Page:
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Survivor Narratives

Vincent McCaffrey

Father Vincent McCaffrey warned at least one of the children he was sexually abusing to keep it a secret. Those threats worked; the survivor remained silent for years. But when he summoned the courage to come forward in 2004, his experience could not have come as any surprise to the Archdiocese of Chicago. Church officials had known for decades about McCaffrey’s sexual interest in children.

There are many survivors of McCaffrey’s abuse. One died by suicide. All have lived with mental, physical, and emotional struggles. As one survivor testified, “I just have very little faith and trust in people. I mean, I had an experience with this man who, the way I was raised, [priests] were next to God. For a person of that caliber and stature to do what he had done to me was beyond my belief. To this day, I tend to see the darker side of people than the better side.” The survivor added: “The archdiocese is just as much to blame as Vincent McCaffrey is.”

McCaffrey’s abuse took many forms, including fondling, oral sex, and anal penetration. He used psychological manipulation and strategy to isolate and overpower his victims, often taking the children to secluded cabins, forcing them to drink alcohol, and drugging them. One survivor remembered a trip with McCaffrey when he was 13 or 14: “I remember being in the hot tub after playing racquetball and him holding me down and me coming up gasping for air, spitting water, and that was his way of intimidating us and letting us know that he would physically take us if need be.” Another survivor reported that McCaffrey molested him more than 200 times from the time he was a prepubescent boy until his high school graduation.

McCaffrey is one of the most well-known and notorious sex abusers in the country. Unlike most priests profiled in this report, McCaffrey was prosecuted and sentenced for his crimes—his aggravated abuse of children increased his federal child pornography sentence to the 20 year statutory maximum, the longest sentence anyone had received for possession of child pornography at the time. By his own admissions under oath at his criminal sentencing, McCaffrey abused more than a dozen prepubescent children, all of whom he accessed through his role as priest. The total number of times McCaffrey has abused children is estimated to be in the hundreds.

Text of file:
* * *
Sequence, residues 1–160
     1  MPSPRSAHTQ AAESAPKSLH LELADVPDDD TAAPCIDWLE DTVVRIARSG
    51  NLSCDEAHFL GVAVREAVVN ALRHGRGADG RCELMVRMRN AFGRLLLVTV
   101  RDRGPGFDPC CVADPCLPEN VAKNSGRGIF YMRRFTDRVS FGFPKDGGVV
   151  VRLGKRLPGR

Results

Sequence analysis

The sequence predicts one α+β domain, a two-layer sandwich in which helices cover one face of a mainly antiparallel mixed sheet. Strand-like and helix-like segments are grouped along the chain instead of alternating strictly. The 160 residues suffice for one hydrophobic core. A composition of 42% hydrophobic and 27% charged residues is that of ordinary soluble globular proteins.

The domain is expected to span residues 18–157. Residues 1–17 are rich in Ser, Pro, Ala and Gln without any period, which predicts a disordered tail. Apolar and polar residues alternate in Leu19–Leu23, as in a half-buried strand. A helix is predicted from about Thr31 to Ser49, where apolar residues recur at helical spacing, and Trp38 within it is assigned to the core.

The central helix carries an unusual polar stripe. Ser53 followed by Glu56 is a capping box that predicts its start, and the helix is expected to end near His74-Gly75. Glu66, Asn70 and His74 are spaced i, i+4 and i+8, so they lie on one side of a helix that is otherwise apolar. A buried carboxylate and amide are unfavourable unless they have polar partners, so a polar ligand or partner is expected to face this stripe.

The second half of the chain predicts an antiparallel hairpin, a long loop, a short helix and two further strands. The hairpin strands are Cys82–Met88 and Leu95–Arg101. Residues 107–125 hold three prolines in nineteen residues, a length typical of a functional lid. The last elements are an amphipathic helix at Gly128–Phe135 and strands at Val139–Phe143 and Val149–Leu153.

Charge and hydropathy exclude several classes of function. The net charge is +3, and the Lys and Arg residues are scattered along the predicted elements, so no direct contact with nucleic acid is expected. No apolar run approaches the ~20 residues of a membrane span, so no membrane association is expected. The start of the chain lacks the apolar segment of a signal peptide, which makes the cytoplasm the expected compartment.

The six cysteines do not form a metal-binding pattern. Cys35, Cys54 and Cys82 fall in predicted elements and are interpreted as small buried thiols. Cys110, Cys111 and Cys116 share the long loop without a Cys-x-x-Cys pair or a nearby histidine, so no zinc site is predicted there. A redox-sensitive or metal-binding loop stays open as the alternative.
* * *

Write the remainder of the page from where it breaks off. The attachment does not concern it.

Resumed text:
Archdiocesan officials knew about McCaffrey’s patterns of abuse as early as 1979; so did several of his fellow clerics. Yet the archdiocese declined to remove McCaffrey from ministry. He was able to continue molesting and abusing children until his 1993 resignation—“hundreds of times” according to his own testimony. McCaffrey admitted it is hard for him to keep track of the children he abused because he is a “serial molester” and “predator” “who cannot be cured.”

Despite the severity of McCaffrey’s abuse, the archdiocese’s internal discussions minimized it and used euphemisms rather than accurately naming him as a predator. In a 1989 memo, for example, the vicar for priests recounted his phone conversation with a concerned priest who “recently heard from another priest some gossip about why [McCaffrey] left St. Josaphat’s.” The vicar explained he kept the priest in the dark about McCaffrey’s “problem.”

These efforts to conceal McCaffrey’s abuse reflect a larger ethos that prioritized the church’s reputation over children’s safety. In a 1989 memo to Cardinal Joseph Bernardin, the vicar for priests recommended McCaffrey’s transfer from Saint Josaphat in Chicago’s Lincoln Park neighborhood due to an anonymous report that McCaffrey was abusing parish boys. The vicar acknowledged McCaffrey was a “pedophile” yet concluded “the best thing would be for Vince to move” to another parish to avoid “the risk of [Saint Josaphat] being hurt in any way.” “The sad thing,” the vicar admitted, “is that this threat will hang over Vince until the day he dies.”

The vicar acknowledged McCaffrey was a “pedophile” yet concluded “the best thing would be for Vince to move” to another parish to avoid “the risk of [Saint Josaphat] being hurt in any way.”

The archdiocese’s preoccupation with concealing McCaffrey’s abuse extended across the institution. In 1980, the pastor of Our Lady of Loretto in Hometown wrote a letter to the archdiocese’s personnel board after a teenage boy and his parents reported McCaffrey’s abuse to local police. The pastor shared his “gut feeling” that McCaffrey’s “friendship with some of the young kids” in the area reflected “ground work . . . being laid” for abuse. Still, the pastor’s primary concern was not for the children but rather for the containment of scandal. He expressed gratitude that the police “have been very good in keeping the situation quiet” and admitted lying to parishioners about the reason for McCaffrey’s recent absence: “This is a small town and I had to tell the people he was sick and that it was alcoholism to stop the speculation.” Yet the pastor too had been a victim of the archdiocese’s silence; he was kept in the dark about McCaffrey’s “psychological problem” when the church abruptly transferred him to Our Lady of Loretto only one year earlier: “When I find his former Pastor, the Vicar of the area and the Personnel Board all know of the problems and no one tells the ‘receiving Pastor,’ I think something is wrong. Please review your policy in this matter.”

Archdiocesan documents related to McCaffrey highlight the same pattern over and over again—the use of euphemisms, lack of concern for the children being abused, and efforts to conceal and cover up McCaffrey’s abuse. This permitted, and even encouraged, McCaffrey’s continued abuse of children over several decades.

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Terms are defined as provided in the United States Catholic Conference of Bishops Glossary of Catholic Terms, unless denoted with *.

Altar server
Individuals, usually children, who assist clerics during liturgical functions such as mass. Prior to 1994, only men and boys were permitted to be altar servers.*